Wounds I Forgotten About
Published on March 23, 2011
And years later, right around my 10th birthday (I think), my dad married a woman who took me aside privately and told me on their wedding day that things were going to change–that I had no place in their family–that my father would be adopting her daughter and one daughter is all that they needed.
A hellish year later–poof!–my dad vanished from my life and I never saw him again till I was 25 years old. One long visit is all I needed to make amends with years of pain. And my life changed drastically from that moment on.
Same year I was sitting in a train station in Rome for Milan when I wrote a letter to my old self–the troubled girl who carried the burden of his abandonment for so many years–I wrote a letter to her saying goodbye–adios–ciao–and I left it under a bench in a dirty old train station in Rome, Italy.
And somewhere between Mister B Beautiful Buttons and my father walking down the wedding aisle–he gave me a paperback book on yoga. It was the size of those trashy romance novels–and it was packed full of black and white photos of women and men in leotards doing silly poses. He told me to study it–and sometimes at night before I would go to bed I would twist and turn myself into the shapes in those pages.
Lion. Tree. Warrior. Fish. Bridge.
Ten years later since my visit to Rome–this past Friday night, I went to my very first Kirtan concert with Jai Uttal. There was probably fifty people barefoot, sitting cross legged on the studio floor when Jai walked in the room. Immediately I could see his radiance–I could feel joy emanating from his pores. He embodied Bhakti–great love–devotion.
My favorite part of his singing is when he would burst into a guttural moan that seemed to spin around the globe picking up particles of pain, suffering, joy, and bliss before it made it’s way to my ears. I could feel it seep into my own skin and begin to pulsate to the center of my mind.
Honestly, I had no idea what to expect when I arrived that night.
I’ve done Kirtan before–but never for two hours straight. And never with such a large group or a grammy award winner.
It took me a little while to surrender. To finally close my eyes, go inward, and give myself over to the flow of the sanskrit and the magic of the melody. I finally let go. I finally felt it.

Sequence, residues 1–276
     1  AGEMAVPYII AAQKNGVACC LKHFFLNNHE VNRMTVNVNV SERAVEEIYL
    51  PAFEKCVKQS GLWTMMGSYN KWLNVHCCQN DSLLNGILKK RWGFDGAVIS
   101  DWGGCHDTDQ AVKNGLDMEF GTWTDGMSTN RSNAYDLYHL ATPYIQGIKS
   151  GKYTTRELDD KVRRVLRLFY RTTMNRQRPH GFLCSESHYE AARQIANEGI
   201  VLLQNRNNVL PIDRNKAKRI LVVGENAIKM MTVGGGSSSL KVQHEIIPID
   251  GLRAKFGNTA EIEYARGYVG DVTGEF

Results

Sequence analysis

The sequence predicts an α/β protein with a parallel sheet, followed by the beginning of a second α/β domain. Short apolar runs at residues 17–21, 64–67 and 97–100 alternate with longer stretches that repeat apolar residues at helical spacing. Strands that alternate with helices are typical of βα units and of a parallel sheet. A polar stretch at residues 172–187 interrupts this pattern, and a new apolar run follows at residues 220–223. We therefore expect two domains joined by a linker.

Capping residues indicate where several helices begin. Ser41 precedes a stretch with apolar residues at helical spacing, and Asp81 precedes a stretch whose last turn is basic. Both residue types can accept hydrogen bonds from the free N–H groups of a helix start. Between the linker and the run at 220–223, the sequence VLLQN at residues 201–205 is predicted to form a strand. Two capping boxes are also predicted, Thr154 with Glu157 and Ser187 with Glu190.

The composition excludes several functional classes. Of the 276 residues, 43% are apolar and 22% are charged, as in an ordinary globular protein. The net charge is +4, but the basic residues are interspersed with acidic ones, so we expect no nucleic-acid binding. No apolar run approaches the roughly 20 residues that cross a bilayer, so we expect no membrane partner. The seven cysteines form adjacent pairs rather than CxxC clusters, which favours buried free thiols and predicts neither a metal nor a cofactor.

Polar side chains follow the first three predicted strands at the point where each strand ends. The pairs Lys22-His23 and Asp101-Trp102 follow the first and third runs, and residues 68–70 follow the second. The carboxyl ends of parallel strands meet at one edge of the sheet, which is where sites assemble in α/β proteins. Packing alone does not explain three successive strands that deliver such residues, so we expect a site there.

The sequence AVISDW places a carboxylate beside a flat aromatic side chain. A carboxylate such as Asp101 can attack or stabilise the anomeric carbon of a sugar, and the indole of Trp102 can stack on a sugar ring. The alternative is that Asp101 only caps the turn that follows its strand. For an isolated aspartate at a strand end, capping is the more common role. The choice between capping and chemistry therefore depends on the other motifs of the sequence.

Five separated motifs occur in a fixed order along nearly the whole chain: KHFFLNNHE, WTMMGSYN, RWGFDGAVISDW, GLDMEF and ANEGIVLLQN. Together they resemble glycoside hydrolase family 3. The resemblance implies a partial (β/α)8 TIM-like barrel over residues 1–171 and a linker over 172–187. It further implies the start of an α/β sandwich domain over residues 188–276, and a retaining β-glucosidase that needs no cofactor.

Free and joyous.
And the strangest thing happened.
I saw myself in sepia tone dancing in a temple. And as I saw myself–I was that self–and I completely let go of my present reality of sitting barefoot, cross legged on the studio floor in Phoenix, Arizona.
I started to dance wildly in that temple. Spinning. Spinning. Spinning. Until I found myself–and saw myself dancing down the street of my childhood home. I made my way into my sepia tone childhood kitchen and danced on the dinner table as my mother, stepfather, brother, and my childhood self ate together–I danced my way down the hall to my childhood bedroom where my little body laid crying in bed. I danced on top of her–my feet moving wildly–over her toes, across her torso, and like a mad tap dancer all over her head. And I made my way out the window and into the sepia tone street again. All the way across Ohio till I found myself in the front yard of my father’s home.
And I danced. And I danced. And I danced.
I danced around his house and I danced on top of his roof. I danced my way through a window and danced up and down his stairs. I saw my father laying there in bed looking ill and I danced on top of him like I did to my childhood self.
I danced so hard that laughter poured out of me like rain. And I danced in his room until it became full of sepia tone flowers and I opened my eyes to silence.
To a beautiful pause at the end of a chant.
To sitting barefoot, cross legged, in a sea of yogis, in a studio in Phoenix, Arizona.
To a life I created.
To a life I now dance in,
on the roof of my dreams,
through the window of my deep expanding heart.
I went to a Jai Uttal concert on Friday night.
And I left there–
From wounds I forgotten about.